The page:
British Journal of Photography has inked a new co-production deal with Fullbleed.tv, the online film channel dedicated to contemporary photography.
British Journal of Photography publisher 1854 Media is proud to announce a new exclusive partnership with FullBleed.tv, the online short film channel that makes beautifully produced documentaries revealing how photographers work and think.
FullBleed.tv is the creation of London photographer Jude Edginton, who has, in his own right, had a remarkably successful commercial career, working for brands like Adidas and Channel 4 as well as The Times Magazine, The New York Times, The Guardian and many other iconic publications.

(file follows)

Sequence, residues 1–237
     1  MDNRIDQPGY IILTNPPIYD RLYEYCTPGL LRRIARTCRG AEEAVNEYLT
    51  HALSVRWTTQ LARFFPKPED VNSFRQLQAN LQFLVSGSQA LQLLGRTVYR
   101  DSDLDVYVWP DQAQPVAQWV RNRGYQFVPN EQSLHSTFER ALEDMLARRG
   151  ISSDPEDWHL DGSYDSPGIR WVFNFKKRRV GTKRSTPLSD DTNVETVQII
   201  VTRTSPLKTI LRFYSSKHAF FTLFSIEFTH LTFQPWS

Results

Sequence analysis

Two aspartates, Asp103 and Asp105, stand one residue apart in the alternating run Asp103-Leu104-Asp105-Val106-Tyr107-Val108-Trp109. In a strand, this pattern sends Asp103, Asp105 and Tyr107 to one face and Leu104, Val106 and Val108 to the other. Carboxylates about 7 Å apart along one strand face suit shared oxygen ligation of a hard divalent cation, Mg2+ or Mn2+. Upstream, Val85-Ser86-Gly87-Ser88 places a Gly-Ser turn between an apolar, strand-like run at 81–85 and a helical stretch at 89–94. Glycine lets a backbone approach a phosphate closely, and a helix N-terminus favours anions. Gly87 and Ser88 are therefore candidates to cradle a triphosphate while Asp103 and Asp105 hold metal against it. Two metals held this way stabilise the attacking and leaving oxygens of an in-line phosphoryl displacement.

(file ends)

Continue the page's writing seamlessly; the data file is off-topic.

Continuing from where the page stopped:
FullBleed creates micro-documentaries about photographers and photographic culture from Britain and around the world. The new editorial, production and distribution partnership with BJP takes FullBleed a big step closer to realising its ambitious vision for the future: to become the leading destination for films on Photographic Art.
Photography, Edginton points out, is hugely popular and, as an art form, attracts massive audiences. Every year, nearly 100,000 people travel to Paris Photo. Photo London and New York’s Photoville are flourishing in two of the world’s great capitals, and the World Press Photo Awards exhibit travels the world, seen by 3.5 million visitors.